Posts Tagged ‘dissertating’

Long ago, around the time I was starting graduate school, or maybe even when I was still just considering it, I recall someone telling me something to the effect that you finish graduate school once you reach a point where you hate your dissertation. Or being a graduate student. Something like that. The upshot was that it’s once you’ve had your fill of being a grad student and writing a dissertation that you hunker down and finish.

Well, I think I’m about at that point.

Essentially, I took a whole year off from working on my dissertation. I finished the first full draft at the end of January 2009, and while I read through it a couple of months later to do some proofreading, it was only in early February 2010 that I sat down to start making revisions.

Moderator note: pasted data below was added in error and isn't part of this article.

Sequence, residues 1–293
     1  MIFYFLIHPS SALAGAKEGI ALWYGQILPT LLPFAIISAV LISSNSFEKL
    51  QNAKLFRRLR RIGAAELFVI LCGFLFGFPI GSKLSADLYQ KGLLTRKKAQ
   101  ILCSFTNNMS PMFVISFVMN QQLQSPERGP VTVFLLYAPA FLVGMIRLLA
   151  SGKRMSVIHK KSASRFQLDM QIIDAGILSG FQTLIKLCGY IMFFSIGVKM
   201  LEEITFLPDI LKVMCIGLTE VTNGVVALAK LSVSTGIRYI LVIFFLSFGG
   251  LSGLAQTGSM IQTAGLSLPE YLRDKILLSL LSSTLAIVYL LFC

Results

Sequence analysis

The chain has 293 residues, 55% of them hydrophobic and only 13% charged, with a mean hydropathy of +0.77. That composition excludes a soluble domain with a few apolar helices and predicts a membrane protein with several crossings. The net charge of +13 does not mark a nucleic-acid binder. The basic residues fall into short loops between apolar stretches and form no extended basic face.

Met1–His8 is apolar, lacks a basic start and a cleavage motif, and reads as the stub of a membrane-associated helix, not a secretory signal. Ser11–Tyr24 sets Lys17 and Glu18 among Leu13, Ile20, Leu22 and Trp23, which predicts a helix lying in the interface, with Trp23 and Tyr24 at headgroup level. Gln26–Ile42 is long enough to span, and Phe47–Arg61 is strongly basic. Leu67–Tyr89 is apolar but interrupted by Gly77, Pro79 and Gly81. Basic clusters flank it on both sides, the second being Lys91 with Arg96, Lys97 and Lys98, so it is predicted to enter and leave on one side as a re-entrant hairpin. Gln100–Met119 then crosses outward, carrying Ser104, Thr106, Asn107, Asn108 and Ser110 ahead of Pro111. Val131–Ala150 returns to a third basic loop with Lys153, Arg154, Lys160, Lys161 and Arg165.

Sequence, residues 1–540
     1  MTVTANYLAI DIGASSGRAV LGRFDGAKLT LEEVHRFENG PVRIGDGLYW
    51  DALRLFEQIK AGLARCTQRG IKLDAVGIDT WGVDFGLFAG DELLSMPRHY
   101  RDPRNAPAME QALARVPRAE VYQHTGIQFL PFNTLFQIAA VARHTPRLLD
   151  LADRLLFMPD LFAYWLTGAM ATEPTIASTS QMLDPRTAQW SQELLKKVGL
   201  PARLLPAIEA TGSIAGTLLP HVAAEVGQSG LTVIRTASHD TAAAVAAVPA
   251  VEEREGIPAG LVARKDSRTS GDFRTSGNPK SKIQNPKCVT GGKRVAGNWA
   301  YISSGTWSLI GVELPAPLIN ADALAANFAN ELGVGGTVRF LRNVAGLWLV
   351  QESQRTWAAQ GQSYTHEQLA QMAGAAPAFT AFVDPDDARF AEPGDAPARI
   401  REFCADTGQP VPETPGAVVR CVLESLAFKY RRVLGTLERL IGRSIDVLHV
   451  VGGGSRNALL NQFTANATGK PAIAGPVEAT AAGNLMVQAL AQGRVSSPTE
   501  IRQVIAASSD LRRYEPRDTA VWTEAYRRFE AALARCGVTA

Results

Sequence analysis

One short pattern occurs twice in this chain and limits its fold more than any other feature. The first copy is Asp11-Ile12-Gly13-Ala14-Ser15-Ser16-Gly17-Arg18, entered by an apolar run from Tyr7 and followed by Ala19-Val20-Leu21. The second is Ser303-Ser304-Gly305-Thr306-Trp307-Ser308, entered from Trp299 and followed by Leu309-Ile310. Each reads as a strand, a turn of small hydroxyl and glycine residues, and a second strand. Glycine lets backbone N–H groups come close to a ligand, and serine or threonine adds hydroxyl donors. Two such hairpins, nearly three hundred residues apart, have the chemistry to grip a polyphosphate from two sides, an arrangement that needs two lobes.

I was fortunate that the comments I had from my readers were extremely positive and indicated that there weren’t major problems. There were some things that I needed to fix, a few points that needed more explanation or development, but it was all relatively minor.

Anyway, earlier this month, after I finished writing lectures for the quarter, I finally got around to starting the revisions. I looked through the comments I received on my drafts, made a list of corrections, pulled out the relevant books, and got cracking. It took a little more than a week to get through the initial pass. The worst of it was the beginning, since the biggest revision was rejiggering the introduction and first chapter, mostly to shift sections around, but it also required me to reshape Chapter 1 slightly.

I submitted the revised Introduction and Chapter 1 to my writing group as my quarterly contribution and got some helpful feedback. Today I finally got down to making those changes, though I probably didn’t do justice to all the feedback my colleagues offered.